Barry does not ask for much. He only wants to be known as the King of Accordion. But the media attention he has received spins him the way it wants, so to the media, he is the King of whatever works best to suit their needs, including the front man to a recent Occupy Wall Street march. A little spin or artistic license often makes a story more enjoyable to read – I have been guilty of that myself. My writing has evolved from the fact-reporting style of the news journalist to one that is highly personal, weaving in connections from my life experience that are triggered by the place, person, or thing which I write about.

    Nonetheless, I do like to feel that I have neither misunderstood nor miscommunicated the feelings and thoughts of an individual subject. It is for this reason that on personal profiles, I often email a biographical inquiry and use excerpts so that you can read the subject’s own words, not my translation. I have also frequently recorded long meetings/interviews. I make these available as well.

    Barry Hamadyk, currently a Brooklyn resident, hails from New Jersey. Barry has played accordion since he was 5, and it is this love that he endeavors to communicate by attracting people with his regal garb. He can be found in the parks of New York City and is a habitue of Washington Square Park, sitting on a bench for passersby while recordings of accordion music play continuously. His preferred repertoire are waltzes and rhumbas. At one time he played organ for roller skating rinks.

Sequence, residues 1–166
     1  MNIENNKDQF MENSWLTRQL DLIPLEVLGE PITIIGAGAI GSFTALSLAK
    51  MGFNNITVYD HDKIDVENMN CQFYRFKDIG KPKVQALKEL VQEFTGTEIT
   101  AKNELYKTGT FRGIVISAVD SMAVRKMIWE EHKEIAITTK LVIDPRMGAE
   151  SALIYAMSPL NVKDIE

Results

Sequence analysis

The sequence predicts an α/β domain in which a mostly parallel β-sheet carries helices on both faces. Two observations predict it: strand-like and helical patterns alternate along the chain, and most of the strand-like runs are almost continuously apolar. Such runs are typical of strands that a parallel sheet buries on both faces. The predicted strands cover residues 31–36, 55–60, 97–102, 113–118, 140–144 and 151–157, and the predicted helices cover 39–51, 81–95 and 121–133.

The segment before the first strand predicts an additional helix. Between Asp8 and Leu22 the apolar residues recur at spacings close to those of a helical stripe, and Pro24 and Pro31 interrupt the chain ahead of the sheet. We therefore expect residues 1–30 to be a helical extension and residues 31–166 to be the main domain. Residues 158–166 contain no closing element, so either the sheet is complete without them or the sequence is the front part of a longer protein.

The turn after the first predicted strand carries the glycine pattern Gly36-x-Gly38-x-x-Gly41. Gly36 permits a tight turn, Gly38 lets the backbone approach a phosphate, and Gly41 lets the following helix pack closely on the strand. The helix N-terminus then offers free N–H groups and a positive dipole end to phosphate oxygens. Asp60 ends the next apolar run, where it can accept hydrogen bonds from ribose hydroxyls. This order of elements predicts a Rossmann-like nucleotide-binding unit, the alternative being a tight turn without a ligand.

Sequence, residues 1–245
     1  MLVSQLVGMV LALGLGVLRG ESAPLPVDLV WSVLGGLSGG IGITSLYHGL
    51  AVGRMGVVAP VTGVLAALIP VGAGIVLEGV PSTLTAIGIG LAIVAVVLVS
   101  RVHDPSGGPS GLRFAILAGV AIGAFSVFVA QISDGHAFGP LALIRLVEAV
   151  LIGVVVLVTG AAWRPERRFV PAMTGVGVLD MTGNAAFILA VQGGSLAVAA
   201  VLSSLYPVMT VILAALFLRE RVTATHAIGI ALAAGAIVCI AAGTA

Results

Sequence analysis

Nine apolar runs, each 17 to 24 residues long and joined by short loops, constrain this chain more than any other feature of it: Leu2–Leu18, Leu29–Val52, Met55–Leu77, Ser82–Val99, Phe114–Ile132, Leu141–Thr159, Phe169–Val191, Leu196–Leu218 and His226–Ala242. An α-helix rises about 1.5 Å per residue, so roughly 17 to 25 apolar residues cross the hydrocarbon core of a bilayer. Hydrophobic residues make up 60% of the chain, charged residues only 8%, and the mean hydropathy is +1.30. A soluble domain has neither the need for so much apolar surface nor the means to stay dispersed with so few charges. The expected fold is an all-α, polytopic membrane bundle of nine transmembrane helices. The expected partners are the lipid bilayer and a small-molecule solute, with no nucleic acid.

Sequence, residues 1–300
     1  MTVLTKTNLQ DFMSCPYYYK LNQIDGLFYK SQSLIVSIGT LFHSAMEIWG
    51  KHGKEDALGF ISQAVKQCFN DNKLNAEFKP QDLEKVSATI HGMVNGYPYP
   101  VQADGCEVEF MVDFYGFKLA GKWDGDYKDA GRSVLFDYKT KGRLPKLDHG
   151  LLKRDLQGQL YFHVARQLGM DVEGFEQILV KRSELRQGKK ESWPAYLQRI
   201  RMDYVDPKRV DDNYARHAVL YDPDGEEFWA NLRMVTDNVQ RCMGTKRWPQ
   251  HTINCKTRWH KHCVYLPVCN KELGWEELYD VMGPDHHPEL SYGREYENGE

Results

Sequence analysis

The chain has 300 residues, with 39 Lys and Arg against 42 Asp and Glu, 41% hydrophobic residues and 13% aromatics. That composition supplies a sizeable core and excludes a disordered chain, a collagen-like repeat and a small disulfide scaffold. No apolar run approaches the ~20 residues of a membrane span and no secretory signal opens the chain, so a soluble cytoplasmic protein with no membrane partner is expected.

Barry found that as his wardrobe became more outlandish (along with his Nordic look), the more attention he got. Once a crown was added, response went through the royal roof. This organic transformation has evolved over the last 5 years. Although, at a surface level, one may see Barry as someone akin to our friend Mark Birnbaum (with a shared passion for music), the motivations for the flamboyant dress are actually quite different, as are the men and their backgrounds.

    Being referred to as the King of New York rather than the King of Accordion is not Barry’s only dismay with a news article recently written. It also was reported that “he gets a lot of money, too, without much effort.” However, Barry neither really solicits money nor collects it.